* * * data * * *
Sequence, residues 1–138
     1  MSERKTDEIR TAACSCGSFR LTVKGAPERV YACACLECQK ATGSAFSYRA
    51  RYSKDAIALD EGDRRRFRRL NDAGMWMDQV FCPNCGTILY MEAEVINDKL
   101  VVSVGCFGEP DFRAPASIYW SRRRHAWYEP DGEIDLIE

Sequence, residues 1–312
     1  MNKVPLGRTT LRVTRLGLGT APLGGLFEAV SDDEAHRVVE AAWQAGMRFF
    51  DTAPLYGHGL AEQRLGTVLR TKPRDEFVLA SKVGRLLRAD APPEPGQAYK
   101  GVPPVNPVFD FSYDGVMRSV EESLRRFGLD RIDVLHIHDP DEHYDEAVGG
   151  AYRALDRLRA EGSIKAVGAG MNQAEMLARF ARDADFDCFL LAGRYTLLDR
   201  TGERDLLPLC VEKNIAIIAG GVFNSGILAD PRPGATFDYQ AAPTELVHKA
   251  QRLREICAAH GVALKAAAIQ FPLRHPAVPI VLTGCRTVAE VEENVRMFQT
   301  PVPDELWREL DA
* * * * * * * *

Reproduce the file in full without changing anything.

Sequence, residues 1–138
     1  MSERKTDEIR TAACSCGSFR LTVKGAPERV YACACLECQK ATGSAFSYRA
    51  RYSKDAIALD EGDRRRFRRL NDAGMWMDQV FCPNCGTILY MEAEVINDKL
   101  VVSVGCFGEP DFRAPASIYW SRRRHAWYEP DGEIDLIE

Sequence, residues 1–312
     1  MNKVPLGRTT LRVTRLGLGT APLGGLFEAV SDDEAHRVVE AAWQAGMRFF
    51  DTAPLYGHGL AEQRLGTVLR TKPRDEFVLA SKVGRLLRAD APPEPGQAYK
   101  GVPPVNPVFD FSYDGVMRSV EESLRRFGLD RIDVLHIHDP DEHYDEAVGG
   151  AYRALDRLRA EGSIKAVGAG MNQAEMLARF ARDADFDCFL LAGRYTLLDR
   201  TGERDLLPLC VEKNIAIIAG GVFNSGILAD PRPGATFDYQ AAPTELVHKA
   251  QRLREICAAH GVALKAAAIQ FPLRHPAVPI VLTGCRTVAE VEENVRMFQT
   301  PVPDELWREL DA